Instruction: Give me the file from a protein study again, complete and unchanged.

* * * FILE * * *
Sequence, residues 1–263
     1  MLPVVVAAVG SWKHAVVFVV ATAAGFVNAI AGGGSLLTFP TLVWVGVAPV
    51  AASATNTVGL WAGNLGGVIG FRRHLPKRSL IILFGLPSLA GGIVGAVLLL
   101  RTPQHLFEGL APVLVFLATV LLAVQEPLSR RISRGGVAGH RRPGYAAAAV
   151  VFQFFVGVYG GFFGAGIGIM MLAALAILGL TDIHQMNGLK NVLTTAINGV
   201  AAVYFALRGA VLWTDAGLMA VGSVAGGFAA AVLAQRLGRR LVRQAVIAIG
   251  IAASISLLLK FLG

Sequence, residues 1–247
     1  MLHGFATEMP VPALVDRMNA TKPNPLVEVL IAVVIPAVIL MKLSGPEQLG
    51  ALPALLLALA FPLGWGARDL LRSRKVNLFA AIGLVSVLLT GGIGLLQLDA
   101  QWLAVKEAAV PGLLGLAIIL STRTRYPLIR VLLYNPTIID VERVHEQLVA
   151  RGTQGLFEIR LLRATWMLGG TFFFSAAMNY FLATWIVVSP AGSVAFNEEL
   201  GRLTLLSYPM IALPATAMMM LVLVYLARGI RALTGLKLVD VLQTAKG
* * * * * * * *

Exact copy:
Sequence, residues 1–263
     1  MLPVVVAAVG SWKHAVVFVV ATAAGFVNAI AGGGSLLTFP TLVWVGVAPV
    51  AASATNTVGL WAGNLGGVIG FRRHLPKRSL IILFGLPSLA GGIVGAVLLL
   101  RTPQHLFEGL APVLVFLATV LLAVQEPLSR RISRGGVAGH RRPGYAAAAV
   151  VFQFFVGVYG GFFGAGIGIM MLAALAILGL TDIHQMNGLK NVLTTAINGV
   201  AAVYFALRGA VLWTDAGLMA VGSVAGGFAA AVLAQRLGRR LVRQAVIAIG
   251  IAASISLLLK FLG

Sequence, residues 1–247
     1  MLHGFATEMP VPALVDRMNA TKPNPLVEVL IAVVIPAVIL MKLSGPEQLG
    51  ALPALLLALA FPLGWGARDL LRSRKVNLFA AIGLVSVLLT GGIGLLQLDA
   101  QWLAVKEAAV PGLLGLAIIL STRTRYPLIR VLLYNPTIID VERVHEQLVA
   151  RGTQGLFEIR LLRATWMLGG TFFFSAAMNY FLATWIVVSP AGSVAFNEEL
   201  GRLTLLSYPM IALPATAMMM LVLVYLARGI RALTGLKLVD VLQTAKG